The title deliberately presents a series of apparent trade-offs since
they capture some of the policy complexity facing countries such as
Kenya which aspire to use education and training strategically to assist
in their national development strategies. This complexity is increased
when national policy priorities are increasingly entangled with and
influenced by those of particular development partners in Kenya, as well
as by the changing consensus at the level of what can be termed the
international development agenda.
The term 'apparent trade-offs' is used advisedly to underline the
historical tendency in the discourse of international agencies to adopt
priorities that suggest that policy choices need to be made between
competing options. Thus, for the 15 years since Jomtien, there has been
something of a trade-off in some agencies between basic and what has
come to be called post-basic education. Indeed the very phrase,
post-basic education, is, arguably, a creation of development agencies,
and suggests a rather artificial bi-polar educational world. Similarly,
there has been a strong agency tendency, from at least the mid-1990s, to
justify investment projects and programmes in terms of their alleged
impacts on poverty reduction, and for this to be seen as some kind of
development alternative to investing for growth. Equally, within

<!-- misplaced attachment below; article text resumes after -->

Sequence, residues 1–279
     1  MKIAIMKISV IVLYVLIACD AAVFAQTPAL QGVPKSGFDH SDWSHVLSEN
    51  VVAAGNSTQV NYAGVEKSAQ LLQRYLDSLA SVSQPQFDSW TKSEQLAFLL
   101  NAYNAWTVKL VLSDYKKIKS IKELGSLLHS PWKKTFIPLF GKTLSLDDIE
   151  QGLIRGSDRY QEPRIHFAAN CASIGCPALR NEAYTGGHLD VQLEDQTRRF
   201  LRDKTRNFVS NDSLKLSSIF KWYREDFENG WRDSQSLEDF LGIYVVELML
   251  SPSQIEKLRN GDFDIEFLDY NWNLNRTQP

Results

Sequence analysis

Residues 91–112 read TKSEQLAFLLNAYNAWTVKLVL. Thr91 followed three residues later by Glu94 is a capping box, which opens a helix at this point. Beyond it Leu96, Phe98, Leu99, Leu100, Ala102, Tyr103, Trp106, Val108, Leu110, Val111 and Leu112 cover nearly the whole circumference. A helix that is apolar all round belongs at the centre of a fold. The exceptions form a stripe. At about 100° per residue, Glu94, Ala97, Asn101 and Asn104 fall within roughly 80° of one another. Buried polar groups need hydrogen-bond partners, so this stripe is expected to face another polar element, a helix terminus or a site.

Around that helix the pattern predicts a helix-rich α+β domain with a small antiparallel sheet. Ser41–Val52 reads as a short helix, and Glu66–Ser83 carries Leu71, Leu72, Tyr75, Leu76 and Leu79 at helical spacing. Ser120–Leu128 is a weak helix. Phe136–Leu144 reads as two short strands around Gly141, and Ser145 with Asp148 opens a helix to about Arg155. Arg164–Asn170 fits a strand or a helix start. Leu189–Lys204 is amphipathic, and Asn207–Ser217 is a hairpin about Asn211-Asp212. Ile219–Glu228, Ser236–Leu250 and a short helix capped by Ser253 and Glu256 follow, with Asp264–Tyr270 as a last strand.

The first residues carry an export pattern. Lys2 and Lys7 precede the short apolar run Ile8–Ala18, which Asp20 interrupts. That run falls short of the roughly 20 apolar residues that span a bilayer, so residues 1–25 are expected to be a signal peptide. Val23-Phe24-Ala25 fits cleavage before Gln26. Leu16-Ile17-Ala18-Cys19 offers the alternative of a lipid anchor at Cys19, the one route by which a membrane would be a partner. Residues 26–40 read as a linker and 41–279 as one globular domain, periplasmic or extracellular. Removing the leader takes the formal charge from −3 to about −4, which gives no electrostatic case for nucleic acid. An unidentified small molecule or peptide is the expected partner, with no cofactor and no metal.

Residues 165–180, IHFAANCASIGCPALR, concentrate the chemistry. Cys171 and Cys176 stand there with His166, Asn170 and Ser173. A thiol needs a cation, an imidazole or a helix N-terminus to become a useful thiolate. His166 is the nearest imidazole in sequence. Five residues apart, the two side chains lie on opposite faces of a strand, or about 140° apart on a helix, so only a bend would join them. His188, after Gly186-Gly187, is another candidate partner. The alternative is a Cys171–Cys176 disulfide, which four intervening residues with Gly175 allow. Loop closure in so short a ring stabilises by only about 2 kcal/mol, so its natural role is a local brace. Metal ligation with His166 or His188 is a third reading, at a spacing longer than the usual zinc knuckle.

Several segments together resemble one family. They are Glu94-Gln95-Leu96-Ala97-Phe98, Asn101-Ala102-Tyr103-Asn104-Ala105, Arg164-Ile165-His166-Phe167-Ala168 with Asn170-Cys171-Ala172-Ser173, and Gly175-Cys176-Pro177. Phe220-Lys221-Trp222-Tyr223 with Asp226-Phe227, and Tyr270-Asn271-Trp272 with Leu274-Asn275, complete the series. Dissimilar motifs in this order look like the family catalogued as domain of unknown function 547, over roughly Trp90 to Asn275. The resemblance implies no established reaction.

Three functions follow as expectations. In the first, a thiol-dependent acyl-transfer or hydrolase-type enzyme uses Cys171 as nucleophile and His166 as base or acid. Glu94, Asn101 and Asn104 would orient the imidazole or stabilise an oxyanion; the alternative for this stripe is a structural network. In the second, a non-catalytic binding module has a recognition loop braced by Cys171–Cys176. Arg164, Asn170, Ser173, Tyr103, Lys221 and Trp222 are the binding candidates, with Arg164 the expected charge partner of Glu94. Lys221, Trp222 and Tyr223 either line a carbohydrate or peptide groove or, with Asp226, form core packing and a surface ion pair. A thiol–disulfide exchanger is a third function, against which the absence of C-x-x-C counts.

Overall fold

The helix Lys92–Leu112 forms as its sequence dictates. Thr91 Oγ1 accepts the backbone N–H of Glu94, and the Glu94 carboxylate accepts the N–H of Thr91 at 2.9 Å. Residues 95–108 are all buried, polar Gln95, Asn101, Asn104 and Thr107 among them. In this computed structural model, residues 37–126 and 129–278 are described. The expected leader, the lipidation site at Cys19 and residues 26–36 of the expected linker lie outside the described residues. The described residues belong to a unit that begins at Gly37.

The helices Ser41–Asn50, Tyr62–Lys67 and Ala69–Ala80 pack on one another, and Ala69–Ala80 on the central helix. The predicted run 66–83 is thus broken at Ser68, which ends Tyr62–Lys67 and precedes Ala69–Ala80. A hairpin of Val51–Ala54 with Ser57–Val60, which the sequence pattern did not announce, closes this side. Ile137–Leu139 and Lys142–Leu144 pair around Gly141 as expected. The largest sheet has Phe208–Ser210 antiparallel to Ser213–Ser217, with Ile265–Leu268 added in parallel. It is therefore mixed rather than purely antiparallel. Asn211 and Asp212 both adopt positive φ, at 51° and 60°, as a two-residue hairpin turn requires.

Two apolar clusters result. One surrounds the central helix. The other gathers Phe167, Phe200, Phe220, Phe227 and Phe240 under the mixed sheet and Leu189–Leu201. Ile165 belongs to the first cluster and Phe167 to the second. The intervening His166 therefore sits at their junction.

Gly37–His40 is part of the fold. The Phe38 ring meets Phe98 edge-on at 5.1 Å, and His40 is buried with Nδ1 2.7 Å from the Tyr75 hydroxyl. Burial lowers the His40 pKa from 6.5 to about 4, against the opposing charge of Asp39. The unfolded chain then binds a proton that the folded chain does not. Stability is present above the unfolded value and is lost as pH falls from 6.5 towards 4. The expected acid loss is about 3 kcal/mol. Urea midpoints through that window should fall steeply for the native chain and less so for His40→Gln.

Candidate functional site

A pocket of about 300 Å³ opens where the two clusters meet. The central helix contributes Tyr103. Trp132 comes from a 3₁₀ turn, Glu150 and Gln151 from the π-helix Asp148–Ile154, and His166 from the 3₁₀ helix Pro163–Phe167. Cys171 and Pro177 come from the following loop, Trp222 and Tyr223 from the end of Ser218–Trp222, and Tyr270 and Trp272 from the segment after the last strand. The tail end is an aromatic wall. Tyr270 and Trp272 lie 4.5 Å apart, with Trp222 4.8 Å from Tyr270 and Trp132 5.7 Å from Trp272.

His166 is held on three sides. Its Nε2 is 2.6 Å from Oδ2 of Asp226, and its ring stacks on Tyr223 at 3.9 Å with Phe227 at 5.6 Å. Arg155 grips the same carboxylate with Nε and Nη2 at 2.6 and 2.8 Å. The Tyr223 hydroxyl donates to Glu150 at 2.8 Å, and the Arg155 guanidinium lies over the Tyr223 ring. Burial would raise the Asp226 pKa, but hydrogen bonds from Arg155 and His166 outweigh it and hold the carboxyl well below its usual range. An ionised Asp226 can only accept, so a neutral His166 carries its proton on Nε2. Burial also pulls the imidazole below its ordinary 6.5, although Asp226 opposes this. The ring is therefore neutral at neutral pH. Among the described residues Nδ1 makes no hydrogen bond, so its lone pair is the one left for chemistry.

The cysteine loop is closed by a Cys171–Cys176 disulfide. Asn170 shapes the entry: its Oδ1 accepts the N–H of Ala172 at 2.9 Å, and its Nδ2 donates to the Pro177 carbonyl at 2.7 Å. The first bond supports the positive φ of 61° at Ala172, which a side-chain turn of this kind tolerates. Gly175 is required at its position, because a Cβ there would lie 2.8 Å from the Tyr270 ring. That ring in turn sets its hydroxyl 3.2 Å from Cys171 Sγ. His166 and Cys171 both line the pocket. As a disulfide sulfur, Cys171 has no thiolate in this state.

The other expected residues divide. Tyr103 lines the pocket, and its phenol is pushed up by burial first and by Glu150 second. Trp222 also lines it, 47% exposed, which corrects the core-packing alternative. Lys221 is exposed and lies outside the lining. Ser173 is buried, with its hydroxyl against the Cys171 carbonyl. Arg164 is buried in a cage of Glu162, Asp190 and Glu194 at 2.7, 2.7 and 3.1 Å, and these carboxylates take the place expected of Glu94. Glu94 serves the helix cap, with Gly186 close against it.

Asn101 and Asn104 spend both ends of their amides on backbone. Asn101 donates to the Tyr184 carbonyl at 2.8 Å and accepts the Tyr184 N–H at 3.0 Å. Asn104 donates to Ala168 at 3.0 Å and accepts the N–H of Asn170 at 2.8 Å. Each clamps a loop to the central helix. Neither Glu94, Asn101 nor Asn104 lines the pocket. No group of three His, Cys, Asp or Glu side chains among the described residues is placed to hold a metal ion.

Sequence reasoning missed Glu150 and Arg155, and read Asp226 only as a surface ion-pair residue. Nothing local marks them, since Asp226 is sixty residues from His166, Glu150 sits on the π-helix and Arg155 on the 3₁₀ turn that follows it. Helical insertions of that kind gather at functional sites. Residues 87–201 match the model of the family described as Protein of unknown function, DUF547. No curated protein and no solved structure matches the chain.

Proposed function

education and training systems, there have again been tensions around
the targeting of quantitative goals such as the education MDGs, as
opposed to concerns with quality. In the process, there have been found
to be powerful connections with the emergence of inequity, and not least
in the rapid development of private alternatives to the massive
expansion of under-funded public schooling. A last trade-off to be
considered is that between the delivery of services such as health and
education which are closely associated with the MDGs, on the one hand,
and the elaboration of strategies which are aimed at production and
This paper focuses on Kenya's recent policy history, against the longer
background of 40 years of national policy development.
8th UKFIET Oxford Conference on Education and Development, Oxford, UK, 13-15 September 2005, 17 pp.
Balancing Basic and Post-Basic Education; Quantity, Quality and Inequality; Service Provision and Productive Capacity; in Securing Poverty Reduction and Growth in Kenya.